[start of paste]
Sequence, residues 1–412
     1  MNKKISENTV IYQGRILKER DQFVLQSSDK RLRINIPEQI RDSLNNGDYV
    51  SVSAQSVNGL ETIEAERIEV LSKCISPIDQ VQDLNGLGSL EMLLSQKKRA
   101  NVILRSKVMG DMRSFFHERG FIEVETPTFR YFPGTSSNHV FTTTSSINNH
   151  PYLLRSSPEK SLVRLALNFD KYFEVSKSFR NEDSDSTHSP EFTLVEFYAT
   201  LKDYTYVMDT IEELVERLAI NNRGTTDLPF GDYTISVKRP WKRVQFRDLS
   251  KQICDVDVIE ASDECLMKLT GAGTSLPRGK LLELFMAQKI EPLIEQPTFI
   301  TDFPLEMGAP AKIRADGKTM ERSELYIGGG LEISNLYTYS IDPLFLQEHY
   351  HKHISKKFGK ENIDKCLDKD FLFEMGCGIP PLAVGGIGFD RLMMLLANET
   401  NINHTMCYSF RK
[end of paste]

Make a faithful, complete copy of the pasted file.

Sequence, residues 1–412
     1  MNKKISENTV IYQGRILKER DQFVLQSSDK RLRINIPEQI RDSLNNGDYV
    51  SVSAQSVNGL ETIEAERIEV LSKCISPIDQ VQDLNGLGSL EMLLSQKKRA
   101  NVILRSKVMG DMRSFFHERG FIEVETPTFR YFPGTSSNHV FTTTSSINNH
   151  PYLLRSSPEK SLVRLALNFD KYFEVSKSFR NEDSDSTHSP EFTLVEFYAT
   201  LKDYTYVMDT IEELVERLAI NNRGTTDLPF GDYTISVKRP WKRVQFRDLS
   251  KQICDVDVIE ASDECLMKLT GAGTSLPRGK LLELFMAQKI EPLIEQPTFI
   301  TDFPLEMGAP AKIRADGKTM ERSELYIGGG LEISNLYTYS IDPLFLQEHY
   351  HKHISKKFGK ENIDKCLDKD FLFEMGCGIP PLAVGGIGFD RLMMLLANET
   401  NINHTMCYSF RK